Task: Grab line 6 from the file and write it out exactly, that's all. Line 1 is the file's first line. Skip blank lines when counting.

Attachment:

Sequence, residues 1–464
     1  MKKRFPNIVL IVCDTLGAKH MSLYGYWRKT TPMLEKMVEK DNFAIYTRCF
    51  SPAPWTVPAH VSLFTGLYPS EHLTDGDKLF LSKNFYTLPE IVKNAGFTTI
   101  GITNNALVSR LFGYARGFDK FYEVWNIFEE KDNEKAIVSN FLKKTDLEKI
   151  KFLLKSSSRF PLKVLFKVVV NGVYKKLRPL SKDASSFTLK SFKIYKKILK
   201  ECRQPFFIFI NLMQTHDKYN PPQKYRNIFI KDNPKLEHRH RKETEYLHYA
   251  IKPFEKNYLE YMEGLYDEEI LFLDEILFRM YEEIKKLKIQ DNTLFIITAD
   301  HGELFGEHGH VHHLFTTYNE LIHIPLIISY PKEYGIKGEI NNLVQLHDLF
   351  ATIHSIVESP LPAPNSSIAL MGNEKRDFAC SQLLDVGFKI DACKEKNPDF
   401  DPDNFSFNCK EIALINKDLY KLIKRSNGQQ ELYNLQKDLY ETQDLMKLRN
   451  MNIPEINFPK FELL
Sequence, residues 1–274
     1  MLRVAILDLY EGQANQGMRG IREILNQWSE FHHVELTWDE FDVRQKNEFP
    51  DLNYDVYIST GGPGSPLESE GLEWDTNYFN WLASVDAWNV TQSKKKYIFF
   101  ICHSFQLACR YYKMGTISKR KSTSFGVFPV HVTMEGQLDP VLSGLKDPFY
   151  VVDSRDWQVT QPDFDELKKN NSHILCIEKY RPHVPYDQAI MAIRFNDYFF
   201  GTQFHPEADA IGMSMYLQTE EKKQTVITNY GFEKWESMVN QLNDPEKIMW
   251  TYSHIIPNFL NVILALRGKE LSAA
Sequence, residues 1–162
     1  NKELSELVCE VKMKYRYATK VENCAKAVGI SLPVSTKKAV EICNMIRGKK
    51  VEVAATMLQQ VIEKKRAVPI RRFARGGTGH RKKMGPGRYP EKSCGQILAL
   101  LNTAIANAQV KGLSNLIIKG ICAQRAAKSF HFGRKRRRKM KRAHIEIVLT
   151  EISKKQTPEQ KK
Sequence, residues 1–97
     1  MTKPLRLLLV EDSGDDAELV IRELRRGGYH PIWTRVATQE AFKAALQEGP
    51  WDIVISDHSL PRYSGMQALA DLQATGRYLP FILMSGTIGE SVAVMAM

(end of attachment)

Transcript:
   201  ECRQPFFIFI NLMQTHDKYN PPQKYRNIFI KDNPKLEHRH RKETEYLHYA